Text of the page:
The conference technically started May 16th with check-in followed by a reception. Check in was pretty quick – find your name on your table and then you get your “swag” bag. In this case a small blue canvas shopping bag and a sticky note pad. Yeah….the bag seemed woefully oversized for the handful of flyers and the conference book it contained. Now I do like a good canvas bag, I try to use them for most of my shopping, but this one is a bit too small to be really usable for my needs. Might give it to my sweetie for when he's on the bike though. For the reception, it was basically everyone in a room or milling around outside with an open bar. We kind of hung around on the wall a few minutes then left – I'm not social by nature (ironic with all the blogging and what not, I know), and since my partner didn't see anyone he remembered from last year I got to escape. Instead we went and got dinner then back to our respective rooms to rest up for the real start to he conference in the morning!
Side note: All three days, breakfast was provided for free and it sucked the first two days (we didn't bother checking on the third). Sorry, if you like sticky sweets and nuts, its great. For those who don't like that for breakfast or who don't eat nuts, it sucked. And the coffee was so freaking strong it could put hairs on your chest! Gag. How about just plain old muffins? Normal pastries? Cereal and milk? Ya can't go wrong with Froot Loops!
Anyway, day one started with the opening remarks and the keynote. This was apparently the seventh year cf.Objective has been held, and there were 325 attendees (a new record). They also announced that Adobe has announced that Adobe MAX is moving to May, which would basically put it in the same month as cf.Objective() is normally held. When they polled the audience, few people seemed to think it mattered, but I have to wonder. I know for us, we'd still choose cf.Objective() because our organization just can't afford to send one of us, much less both of us, to MAX. Insanely expensive. Many others might also feel that way, but what about the speakers and sponsors? And if cf.Objective() becomes a “competitor” will Adobe still sponsor and work with them? It will be interesting to see if they choose to move Objective or not.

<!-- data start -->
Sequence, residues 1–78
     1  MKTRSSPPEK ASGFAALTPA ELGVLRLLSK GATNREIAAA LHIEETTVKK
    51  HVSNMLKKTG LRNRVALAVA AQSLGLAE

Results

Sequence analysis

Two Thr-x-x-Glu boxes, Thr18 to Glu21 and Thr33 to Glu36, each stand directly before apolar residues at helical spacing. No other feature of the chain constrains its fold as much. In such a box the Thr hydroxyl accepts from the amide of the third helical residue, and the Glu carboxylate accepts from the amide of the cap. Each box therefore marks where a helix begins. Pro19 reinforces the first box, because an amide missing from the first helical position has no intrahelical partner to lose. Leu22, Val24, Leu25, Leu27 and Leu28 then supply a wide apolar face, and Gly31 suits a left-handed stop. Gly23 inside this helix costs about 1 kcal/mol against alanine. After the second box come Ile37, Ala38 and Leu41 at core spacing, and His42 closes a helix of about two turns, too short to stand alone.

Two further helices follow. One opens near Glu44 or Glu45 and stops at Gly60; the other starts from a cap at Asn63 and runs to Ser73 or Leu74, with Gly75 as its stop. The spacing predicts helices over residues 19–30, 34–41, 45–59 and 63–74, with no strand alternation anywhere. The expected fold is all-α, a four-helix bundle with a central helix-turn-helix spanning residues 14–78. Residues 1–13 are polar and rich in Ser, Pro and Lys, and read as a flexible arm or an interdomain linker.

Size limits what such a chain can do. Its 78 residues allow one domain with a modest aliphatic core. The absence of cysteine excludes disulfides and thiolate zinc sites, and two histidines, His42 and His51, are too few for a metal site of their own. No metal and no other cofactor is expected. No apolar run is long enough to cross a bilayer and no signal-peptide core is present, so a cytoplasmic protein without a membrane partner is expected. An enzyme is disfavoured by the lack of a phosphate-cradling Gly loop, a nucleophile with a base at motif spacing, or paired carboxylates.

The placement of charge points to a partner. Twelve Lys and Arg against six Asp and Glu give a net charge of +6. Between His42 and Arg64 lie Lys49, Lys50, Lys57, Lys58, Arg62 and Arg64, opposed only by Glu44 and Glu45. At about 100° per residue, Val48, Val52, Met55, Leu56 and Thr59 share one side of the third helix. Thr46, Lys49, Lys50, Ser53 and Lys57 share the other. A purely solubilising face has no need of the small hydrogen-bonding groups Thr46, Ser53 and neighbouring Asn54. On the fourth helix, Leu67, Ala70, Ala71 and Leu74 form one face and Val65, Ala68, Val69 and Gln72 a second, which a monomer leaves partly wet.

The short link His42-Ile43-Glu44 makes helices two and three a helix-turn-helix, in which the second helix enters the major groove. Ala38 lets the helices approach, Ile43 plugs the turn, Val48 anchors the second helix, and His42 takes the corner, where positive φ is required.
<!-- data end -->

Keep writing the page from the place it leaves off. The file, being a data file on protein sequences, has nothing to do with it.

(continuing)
Oh, and we had one more swag item – a cf.Objective() 2012 towel! I guess they arrived late, but after the keynote was done they were available in the sponsor area. Now I'll admit, it is a pretty nice towel. Soft and a pretty blue. It isn't so good for use after a shower as it isn't super absorbent, but would make a great pool towel 🙂
Another side note: This year saw more first-time attendees than usual and more women. They held a women's breakfast and some photo thing, but I skipped all of it. I'm a woman, yes, but I'm not there because I'm a woman. I'm there because I'm a web developer. Or maybe I'm just anti-social and I really don't get the whole “women-centric” idea. Besides, I wasn't going to abandon my bud even if the women's breakfast mentioned actually having eggs and other real foods. Now the more first-timers bit is great, ColdFusion needs more open developers. In the last year I've seen so many sites running ColdFusion but where are their developers hiding? Come out of the closet guys and get your tushes to these conferences! It helps show we exist!
With the opening remarks out of the way, Rakshith Naresh (Product Manager for ColdFusion) took the stage, briefly joined by Hermant Khandelwal (Senior Engineering Manager for ColdFusion server and ColdFusion Builder), to talk about ColdFusion 10, which launched on the 15th. He discussed their methodology for building the release and the three “messaging pillars” they focused on: embracing futuristic technologies, deploying enterprise ready applications through an increased security focus, and improving developer productivity by continuing to make it easy to build applications quickly. All in all, he mentioned a lot of great things that ColdFusion 10 includes, such as the replacement of JRUN with Tomcat, support for MS Office 1020 files, greatly improved caching, the grown up scheduler system, all the HTML 5 integrations, etc.
He also talked about ColdFusion “on the cloud” at Amazon, the release of the ColdFusion 10 certification exams, and that ColdFusion 11 is already being worked on. One thing I was particularly excited about was they spent some time talking about Adobe's efforts to try to solve the issue of seeming developer scarcity, particularly by reaching out to the Java community, continued releases of white papers, spreading the message of the benefits of ColdFusion, and the positive new analyst briefings with the launch of CF 10. All in all it sounded very positive and, to me at least, it affirmed that Adobe is not trying to dump ColdFusion and that they are fully embracing and supporting it.
And no, ColdFusion is not dead!